★ ★ ★

It took the love of Drew Barrymore in The Wedding Singer to give Adam Sandler’s idiot man-child persona a dash of maturity. Being the career-savvy star that he is, Sandler smartly teamed with Barrymore again for 50 First Dates, a deeper movie that ended up being an even bigger box-office success than their first outing. Blended, which reteams the pair with Wedding Singer director Frank Coraci, succeeds largely because of the duo’s established (and still readily present) chemistry.

The movie opens with a disastrous blind date between Jim (Sandler) and Lauren (Barrymore). He’s the manager of a sporting-goods store who is still reeling from his wife’s death and the difficulty of raising three daughters, and she has her own business organizing people’s closets (yes, you read that right) and is raising two sons with little help from her selfish ex-husband (Joel McHale). His boss Dick and her business partner Jen (Wendi McLendon-Covey) are dating, and Dick had planned to take a weeklong trip to a South African resort in order to introduce her to his five children; however, Jen freaks out and refuses to go. Jim and Lauren sweep in and separately buy the vacation from their respective associates for cheap, with the result that these two feuding families find themselves in an exotic paradise together.

While there, Jim’s eldest daughter Hilary (Bella Thorne) crushes on the teenage son of their dinner-table companions, his middle daughter Espn (Emma Fuhrmann)—pronounced “ESS-pin” and named for dad’s favorite network, natch—continues to grieve for her mother, and the youngest kid simply acts adorable. Meanwhile, Lauren’s eldest son deals with his anger about his parents’ divorce, and her younger son learns to hit a baseball. And of course, the parents slowly get to know each other, and discover that each has something to offer the other’s children.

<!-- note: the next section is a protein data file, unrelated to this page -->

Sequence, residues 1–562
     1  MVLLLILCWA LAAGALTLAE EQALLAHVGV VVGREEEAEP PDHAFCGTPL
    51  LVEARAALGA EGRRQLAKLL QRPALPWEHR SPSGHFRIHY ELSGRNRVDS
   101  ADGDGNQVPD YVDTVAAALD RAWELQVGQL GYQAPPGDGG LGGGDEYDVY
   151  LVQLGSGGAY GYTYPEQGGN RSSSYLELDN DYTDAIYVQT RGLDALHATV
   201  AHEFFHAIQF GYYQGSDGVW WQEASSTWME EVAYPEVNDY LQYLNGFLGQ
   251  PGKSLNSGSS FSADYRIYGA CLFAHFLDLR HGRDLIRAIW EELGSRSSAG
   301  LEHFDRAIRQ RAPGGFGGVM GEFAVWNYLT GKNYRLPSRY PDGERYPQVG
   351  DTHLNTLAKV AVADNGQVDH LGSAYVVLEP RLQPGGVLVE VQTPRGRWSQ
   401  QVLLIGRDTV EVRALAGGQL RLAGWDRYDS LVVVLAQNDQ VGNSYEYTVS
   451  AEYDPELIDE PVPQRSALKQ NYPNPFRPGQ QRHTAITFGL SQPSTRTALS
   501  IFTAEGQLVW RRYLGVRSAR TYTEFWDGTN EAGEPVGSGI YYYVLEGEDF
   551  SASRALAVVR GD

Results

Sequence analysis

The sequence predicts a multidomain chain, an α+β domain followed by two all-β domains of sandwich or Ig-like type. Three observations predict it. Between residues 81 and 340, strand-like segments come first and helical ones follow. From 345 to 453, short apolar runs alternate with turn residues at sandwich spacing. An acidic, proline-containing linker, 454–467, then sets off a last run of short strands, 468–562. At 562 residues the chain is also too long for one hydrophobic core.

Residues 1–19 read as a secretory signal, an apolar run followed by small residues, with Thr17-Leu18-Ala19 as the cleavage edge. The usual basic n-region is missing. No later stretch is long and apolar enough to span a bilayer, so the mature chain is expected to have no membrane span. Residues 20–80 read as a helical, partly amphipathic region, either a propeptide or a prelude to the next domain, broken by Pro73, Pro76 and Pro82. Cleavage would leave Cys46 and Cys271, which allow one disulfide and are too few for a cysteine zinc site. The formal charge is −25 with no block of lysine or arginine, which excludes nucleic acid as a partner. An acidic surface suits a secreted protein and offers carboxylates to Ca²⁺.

The movie’s tone is quite odd: It’s an unusual blend of conservatism and progressiveness. It wants to be a family-friendly PG-13 film, so it’s loaded with jokes about sex that are often a discomforting combination of bawdy and tame—there will be some awkward explanations afterward for any parents who take their tweens to this. However, the central theme of the movie—that Jim and Lauren have to learn to let go of the past for the good of their children—is a wholehearted endorsement of the importance of the family unit, even if the clan has taken a Brady Bunch-like path to togetherness.

What’s most surprising about Blended is that, even after an hour of almost-in-bad-taste jokes, Coraci pulls off a couple of credible dramatic scenes. When Jim has a heart-to-heart with Espn about her mother, it’s a touching scene thanks to Emma Fuhrmann’s graceful performance and Sandler’s underplaying. It works better than it has a right to, and the same can be said for the movie as a whole.

Perhaps some of the credit can go to co-screenwriters Clare Sera and Ivan Menchell, neither of whom has written for Sandler before. It’s tempting to assume that they gave the film enough emotional heft—not a lot, since this is a comedy—that it holds together even as Sandler and company fill the frame with fourth-wall-crumbling looks at the camera, a terribly edited parasailing sequence featuring stock footage of African animals, and monkeys playing musical instruments during a romantic dinner between the two leads.

Sandler and Barrymore are funny when they bicker, but they bring out an irresistible sweetness in each other during their tender scenes. No matter how stupid the film gets, it never fully extinguishes our hope that these two end up together. Throw in amusing turns from Terry Crews as a very enthusiastic singer and Kevin Nealon as a man enjoying his buxom new trophy wife, as well as quality work from Thorne and Fuhrmann, and Blended winds up being yet another example of a Sandler and Barrymore comedy that’s better than expected.